News World Haunting memories of genocide
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Haunting memories of genocide

The tracks to Auschwitz, where doctors decided who would live or die.
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Krystyna Gil was told by her Roma grandmother to “never forget”.

Though she was just a child during World War II, when the Nazis began systematically exterminating Roma in her native Poland, she has done just that.

“I was five years old at the time. I became an orphan. The love of a mother and a father, I do not know what that means,” she said.

“My grandmother told me ‘never forget’. So even though many years have passed, I still remember.”

Gil, now 76, was among more than a thousand who gathered on Saturday at the Auschwitz-Birkenau death camp in Poland to remember the genocide of Roma people carried out by the Nazis.

The ceremony was held on the 70th anniversary of one of the worst mass killings of Roma, when nearly 3000, many of them children, were taken to the gas chambers at Auschwitz on the night of August 2, 1944.

“We join together here in pain, in memory of the victims,” said Roman Kwiatkowski, head of the Association of Roma in Poland.

“Here we consolidate as a people, not only in relation to our past but also our future,” he said at the ceremony, held on the occasion of the International Day of Remembrance for the Holocaust of the Roma.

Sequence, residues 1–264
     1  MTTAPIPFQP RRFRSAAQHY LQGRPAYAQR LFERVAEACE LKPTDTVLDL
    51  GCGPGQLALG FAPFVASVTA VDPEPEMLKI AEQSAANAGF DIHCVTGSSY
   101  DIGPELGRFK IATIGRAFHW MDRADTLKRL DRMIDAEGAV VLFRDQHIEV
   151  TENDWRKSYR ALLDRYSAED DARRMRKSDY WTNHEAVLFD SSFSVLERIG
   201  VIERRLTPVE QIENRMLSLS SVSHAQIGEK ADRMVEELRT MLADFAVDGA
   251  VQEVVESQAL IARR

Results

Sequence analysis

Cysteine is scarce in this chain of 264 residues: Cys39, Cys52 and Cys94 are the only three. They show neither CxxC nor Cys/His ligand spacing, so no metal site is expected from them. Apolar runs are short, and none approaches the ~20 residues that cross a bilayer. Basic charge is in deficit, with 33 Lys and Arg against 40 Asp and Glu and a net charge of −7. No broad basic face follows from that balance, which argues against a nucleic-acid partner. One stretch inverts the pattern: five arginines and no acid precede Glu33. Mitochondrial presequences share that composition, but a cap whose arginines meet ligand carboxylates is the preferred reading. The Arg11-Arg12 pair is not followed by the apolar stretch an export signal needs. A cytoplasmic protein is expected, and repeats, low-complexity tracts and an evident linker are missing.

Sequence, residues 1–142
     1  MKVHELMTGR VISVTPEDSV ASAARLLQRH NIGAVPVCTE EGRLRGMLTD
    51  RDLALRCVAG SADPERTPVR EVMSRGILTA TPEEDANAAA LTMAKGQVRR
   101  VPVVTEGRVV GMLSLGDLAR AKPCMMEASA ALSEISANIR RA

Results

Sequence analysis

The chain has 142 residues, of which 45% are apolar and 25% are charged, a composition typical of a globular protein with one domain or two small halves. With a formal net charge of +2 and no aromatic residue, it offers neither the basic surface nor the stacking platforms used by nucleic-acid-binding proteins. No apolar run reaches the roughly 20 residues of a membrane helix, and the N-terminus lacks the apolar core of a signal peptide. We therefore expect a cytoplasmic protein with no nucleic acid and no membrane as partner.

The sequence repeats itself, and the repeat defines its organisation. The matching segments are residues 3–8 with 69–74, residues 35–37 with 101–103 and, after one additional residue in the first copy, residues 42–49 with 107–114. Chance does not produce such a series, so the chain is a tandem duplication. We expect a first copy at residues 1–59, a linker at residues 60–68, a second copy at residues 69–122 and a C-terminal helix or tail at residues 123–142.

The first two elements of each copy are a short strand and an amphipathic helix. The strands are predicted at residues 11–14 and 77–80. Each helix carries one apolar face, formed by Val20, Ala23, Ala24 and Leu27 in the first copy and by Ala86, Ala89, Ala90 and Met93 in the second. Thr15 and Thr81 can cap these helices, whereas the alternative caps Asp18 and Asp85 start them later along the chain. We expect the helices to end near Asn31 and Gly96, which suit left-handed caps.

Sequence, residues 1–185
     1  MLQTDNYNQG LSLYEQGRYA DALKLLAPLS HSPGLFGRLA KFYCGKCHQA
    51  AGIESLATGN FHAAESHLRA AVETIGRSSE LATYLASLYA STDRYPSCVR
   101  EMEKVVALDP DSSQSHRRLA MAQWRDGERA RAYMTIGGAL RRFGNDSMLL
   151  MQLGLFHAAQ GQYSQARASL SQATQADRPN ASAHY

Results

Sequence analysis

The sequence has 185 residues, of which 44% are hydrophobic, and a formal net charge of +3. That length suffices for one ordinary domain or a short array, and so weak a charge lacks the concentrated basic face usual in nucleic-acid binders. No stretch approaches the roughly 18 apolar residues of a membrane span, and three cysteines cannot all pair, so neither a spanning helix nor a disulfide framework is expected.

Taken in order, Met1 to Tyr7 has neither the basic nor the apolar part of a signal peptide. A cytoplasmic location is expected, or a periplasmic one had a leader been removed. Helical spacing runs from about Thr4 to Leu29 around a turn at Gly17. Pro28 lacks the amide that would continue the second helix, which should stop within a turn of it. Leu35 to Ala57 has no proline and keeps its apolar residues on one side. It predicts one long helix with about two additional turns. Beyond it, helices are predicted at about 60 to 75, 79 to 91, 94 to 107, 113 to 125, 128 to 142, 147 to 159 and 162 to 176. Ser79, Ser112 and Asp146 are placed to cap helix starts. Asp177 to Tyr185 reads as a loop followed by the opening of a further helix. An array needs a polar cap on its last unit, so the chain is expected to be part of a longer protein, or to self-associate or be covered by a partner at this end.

Around a thousand also marched through Budapest to mark the date. Many of those killed at Auschwitz came from Hungary, where Roma make up between five and eight per cent of the country’s population of 10 million.

Together with her grandmother, Gil was the only member of her family to survive an anti-Roma pogrom in Szczurowa, a small village in south-eastern Poland, in 1943.

Many others did not survive.

Between 220,000 and 500,000 Roma were murdered by the Nazis – a tragedy the community refers to as “Pharrajimos”, which means destruction in their language.

Of that number, 21,000 met their end at Auschwitz-Birkenau after being forcibly deported from across Europe.

“It is a genocide that has been forgotten by Europeans, and that should change,” said Thomas Schobesberger, a 23-year-old Austrian who had travelled from Vienna for the ceremony.

“I’m not Roma but I came here to commemorate the genocide of Roma during the Second World War and help make sure this page of history is better known.”

Around one million Jews were exterminated at the infamous death camp, as well as 80,000 Poles. Six million Jews were murdered by the Nazis throughout the entire Holocaust – the largest number of any group.

The European Union believes there are currently 10 to 12 million Roma, or Gypsies, throughout Europe, which makes them the largest minority on the continent.